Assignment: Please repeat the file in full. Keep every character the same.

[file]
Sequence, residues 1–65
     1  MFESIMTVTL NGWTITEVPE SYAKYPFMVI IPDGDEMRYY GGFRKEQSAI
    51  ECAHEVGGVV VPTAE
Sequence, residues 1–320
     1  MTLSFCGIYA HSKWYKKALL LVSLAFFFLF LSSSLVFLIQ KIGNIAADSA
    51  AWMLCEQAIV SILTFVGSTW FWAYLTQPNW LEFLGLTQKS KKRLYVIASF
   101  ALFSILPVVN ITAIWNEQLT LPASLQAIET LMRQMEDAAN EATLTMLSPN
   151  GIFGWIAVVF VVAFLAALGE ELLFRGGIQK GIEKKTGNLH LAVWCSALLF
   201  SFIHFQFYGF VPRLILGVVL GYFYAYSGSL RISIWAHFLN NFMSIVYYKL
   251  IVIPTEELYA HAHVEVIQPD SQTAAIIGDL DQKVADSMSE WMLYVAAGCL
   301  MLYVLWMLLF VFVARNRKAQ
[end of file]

Sequence, residues 1–65
     1  MFESIMTVTL NGWTITEVPE SYAKYPFMVI IPDGDEMRYY GGFRKEQSAI
    51  ECAHEVGGVV VPTAE
Sequence, residues 1–320
     1  MTLSFCGIYA HSKWYKKALL LVSLAFFFLF LSSSLVFLIQ KIGNIAADSA
    51  AWMLCEQAIV SILTFVGSTW FWAYLTQPNW LEFLGLTQKS KKRLYVIASF
   101  ALFSILPVVN ITAIWNEQLT LPASLQAIET LMRQMEDAAN EATLTMLSPN
   151  GIFGWIAVVF VVAFLAALGE ELLFRGGIQK GIEKKTGNLH LAVWCSALLF
   201  SFIHFQFYGF VPRLILGVVL GYFYAYSGSL RISIWAHFLN NFMSIVYYKL
   251  IVIPTEELYA HAHVEVIQPD SQTAAIIGDL DQKVADSMSE WMLYVAAGCL
   301  MLYVLWMLLF VFVARNRKAQ